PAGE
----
Treating patients suffering from a social phobia with a form of psychotherapy may remove impairments in the key brain structures that are involved in processing and regulating emotions, researchers suggested.
Cognitive behavioural therapy (CBT) is a form of psychotherapy in which negative patterns of thought about the self and the world are challenged in order to alter unwanted behaviour patterns or treat mood disorders such as depression.
"Psychotherapy normalises brain changes associated with social anxiety disorder," said Annette Bruhl from the University Hospital of Psychiatry Zurich (PUK).
Nearly one in 10 people are affected by social anxiety disorder — defined as when fears and anxiety in social situations significantly impair everyday life and cause intense suffering. For example, talking in front of a larger group can be one typical feared situation.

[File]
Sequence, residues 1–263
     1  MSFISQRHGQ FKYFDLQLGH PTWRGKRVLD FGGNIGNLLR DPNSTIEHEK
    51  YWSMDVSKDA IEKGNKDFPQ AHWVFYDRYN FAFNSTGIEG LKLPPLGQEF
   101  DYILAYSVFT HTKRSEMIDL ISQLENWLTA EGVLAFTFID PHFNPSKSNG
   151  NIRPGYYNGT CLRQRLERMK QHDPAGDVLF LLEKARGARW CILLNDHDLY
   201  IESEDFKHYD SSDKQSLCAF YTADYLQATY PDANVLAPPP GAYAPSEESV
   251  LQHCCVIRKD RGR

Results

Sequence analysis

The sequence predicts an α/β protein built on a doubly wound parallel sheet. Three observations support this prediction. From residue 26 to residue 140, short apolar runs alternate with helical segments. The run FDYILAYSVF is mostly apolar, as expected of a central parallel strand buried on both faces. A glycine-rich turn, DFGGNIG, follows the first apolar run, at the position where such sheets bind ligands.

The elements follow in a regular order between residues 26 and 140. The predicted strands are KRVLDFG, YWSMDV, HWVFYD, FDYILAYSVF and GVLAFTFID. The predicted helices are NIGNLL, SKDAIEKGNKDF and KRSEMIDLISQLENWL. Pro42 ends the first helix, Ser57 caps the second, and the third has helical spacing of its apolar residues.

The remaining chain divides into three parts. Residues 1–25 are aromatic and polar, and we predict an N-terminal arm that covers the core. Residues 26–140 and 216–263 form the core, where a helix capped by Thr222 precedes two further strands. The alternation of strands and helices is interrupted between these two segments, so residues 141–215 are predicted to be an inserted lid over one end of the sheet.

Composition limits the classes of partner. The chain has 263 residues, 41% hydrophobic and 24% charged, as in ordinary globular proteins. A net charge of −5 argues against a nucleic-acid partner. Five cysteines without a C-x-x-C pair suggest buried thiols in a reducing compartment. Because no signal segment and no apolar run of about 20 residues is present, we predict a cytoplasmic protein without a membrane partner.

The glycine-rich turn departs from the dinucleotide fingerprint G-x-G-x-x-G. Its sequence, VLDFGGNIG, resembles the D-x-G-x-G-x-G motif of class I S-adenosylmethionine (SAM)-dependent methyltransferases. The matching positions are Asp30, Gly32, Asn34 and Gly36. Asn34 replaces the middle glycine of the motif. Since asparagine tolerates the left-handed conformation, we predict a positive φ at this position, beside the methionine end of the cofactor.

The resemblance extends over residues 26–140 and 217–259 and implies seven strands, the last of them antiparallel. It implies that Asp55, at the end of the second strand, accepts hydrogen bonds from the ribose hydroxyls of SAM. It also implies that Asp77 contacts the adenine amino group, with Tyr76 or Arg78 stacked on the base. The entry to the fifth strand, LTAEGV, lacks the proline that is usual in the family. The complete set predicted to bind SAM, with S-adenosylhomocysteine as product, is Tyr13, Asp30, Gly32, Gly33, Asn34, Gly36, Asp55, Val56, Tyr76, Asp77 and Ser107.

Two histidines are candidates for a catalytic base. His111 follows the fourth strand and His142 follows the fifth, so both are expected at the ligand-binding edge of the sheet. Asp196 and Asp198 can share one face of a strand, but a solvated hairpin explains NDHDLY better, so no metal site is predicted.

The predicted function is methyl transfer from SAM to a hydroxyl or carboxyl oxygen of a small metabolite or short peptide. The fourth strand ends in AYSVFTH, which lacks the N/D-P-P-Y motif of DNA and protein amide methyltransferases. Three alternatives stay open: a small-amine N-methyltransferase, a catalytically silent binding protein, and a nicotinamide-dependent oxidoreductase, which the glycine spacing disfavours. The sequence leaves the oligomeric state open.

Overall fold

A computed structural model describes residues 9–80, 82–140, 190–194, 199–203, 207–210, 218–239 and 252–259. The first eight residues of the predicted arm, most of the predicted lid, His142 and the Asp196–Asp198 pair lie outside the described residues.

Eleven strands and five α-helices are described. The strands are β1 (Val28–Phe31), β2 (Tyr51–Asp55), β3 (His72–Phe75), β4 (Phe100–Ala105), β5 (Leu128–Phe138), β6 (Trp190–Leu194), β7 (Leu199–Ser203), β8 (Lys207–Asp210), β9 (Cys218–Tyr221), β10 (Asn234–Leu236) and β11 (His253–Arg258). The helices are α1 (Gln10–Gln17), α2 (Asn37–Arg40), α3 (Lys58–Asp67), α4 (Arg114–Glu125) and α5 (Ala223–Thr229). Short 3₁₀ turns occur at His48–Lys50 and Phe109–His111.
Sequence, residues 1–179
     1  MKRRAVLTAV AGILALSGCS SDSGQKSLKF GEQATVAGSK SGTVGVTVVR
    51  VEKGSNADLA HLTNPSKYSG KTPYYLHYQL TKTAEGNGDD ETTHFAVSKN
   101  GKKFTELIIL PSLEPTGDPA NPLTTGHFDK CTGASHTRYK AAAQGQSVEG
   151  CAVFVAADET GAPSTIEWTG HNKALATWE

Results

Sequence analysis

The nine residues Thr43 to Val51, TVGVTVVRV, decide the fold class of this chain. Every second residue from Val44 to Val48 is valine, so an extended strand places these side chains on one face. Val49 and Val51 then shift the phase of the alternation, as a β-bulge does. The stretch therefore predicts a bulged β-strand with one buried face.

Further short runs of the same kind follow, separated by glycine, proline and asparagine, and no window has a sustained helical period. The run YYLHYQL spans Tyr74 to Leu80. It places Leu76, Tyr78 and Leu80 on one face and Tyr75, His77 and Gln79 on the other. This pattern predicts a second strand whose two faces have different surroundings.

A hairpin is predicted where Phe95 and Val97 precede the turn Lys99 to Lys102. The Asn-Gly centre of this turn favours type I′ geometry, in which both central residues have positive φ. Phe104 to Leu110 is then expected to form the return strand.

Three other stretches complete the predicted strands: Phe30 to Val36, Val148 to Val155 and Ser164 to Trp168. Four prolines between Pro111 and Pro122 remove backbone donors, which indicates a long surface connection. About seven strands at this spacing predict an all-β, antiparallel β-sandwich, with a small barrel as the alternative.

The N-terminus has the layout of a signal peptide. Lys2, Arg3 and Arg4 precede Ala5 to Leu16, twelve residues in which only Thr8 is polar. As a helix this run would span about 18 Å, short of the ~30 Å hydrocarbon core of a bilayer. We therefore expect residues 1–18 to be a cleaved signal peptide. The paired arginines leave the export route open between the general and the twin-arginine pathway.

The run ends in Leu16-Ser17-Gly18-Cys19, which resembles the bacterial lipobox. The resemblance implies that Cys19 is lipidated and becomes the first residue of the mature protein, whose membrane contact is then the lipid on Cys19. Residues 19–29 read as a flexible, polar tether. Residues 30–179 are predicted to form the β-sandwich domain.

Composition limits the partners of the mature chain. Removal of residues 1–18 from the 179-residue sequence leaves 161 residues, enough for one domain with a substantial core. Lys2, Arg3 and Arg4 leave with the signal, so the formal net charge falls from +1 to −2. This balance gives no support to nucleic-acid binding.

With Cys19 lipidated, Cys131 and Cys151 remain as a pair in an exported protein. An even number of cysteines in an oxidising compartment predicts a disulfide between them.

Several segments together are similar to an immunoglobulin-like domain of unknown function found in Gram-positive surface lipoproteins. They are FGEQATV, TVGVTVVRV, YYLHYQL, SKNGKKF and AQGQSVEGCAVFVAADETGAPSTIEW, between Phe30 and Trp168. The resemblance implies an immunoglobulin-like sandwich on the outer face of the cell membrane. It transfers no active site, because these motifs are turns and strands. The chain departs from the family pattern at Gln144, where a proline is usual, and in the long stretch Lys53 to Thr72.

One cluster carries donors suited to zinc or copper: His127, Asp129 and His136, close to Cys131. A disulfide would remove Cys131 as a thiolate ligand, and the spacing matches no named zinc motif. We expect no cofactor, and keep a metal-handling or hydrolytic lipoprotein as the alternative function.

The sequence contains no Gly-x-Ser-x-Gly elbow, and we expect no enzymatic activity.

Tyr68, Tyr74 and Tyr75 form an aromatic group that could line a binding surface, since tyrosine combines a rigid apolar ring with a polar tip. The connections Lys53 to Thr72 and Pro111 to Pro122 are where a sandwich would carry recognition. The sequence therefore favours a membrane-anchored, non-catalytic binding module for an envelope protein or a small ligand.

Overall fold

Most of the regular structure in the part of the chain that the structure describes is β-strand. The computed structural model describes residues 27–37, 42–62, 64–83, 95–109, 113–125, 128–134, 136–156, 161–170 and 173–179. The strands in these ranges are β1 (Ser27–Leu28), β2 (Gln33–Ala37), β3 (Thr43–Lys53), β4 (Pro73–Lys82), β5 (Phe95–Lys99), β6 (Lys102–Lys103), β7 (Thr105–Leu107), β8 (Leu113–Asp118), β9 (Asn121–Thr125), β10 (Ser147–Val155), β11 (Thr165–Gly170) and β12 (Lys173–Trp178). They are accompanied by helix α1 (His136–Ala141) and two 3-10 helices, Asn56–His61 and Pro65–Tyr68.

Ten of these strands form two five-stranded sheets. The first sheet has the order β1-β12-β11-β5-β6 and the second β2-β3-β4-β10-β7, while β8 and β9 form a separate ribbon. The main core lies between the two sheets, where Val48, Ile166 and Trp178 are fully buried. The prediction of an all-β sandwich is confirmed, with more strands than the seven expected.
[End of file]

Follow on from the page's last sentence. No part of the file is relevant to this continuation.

The findings showed that in such patients, the frontal and lateral brain areas — where excessive anxiety is regulated — are impaired.
"We were able to show that structural changes occur in brain areas linked to self control and emotion regulation," Bruhl added.
But, strategies by CBT that are aimed at regulating emotions can restore the balance between cortical and subcortical brain areas.
The more successful the treatment, the stronger brain changes, the researchers said, in the paper published in the journal Molecular Psychiatry.
In addition, CBT treatment also led to better interconnectivity between brain areas involved in processing emotions.
For the study, the team investigated structural brain changes in patients suffering from social anxiety disorder after a specific ten-week course of CBT.
Using magnetic resonance imaging the participants' brains were examined before and after CBT.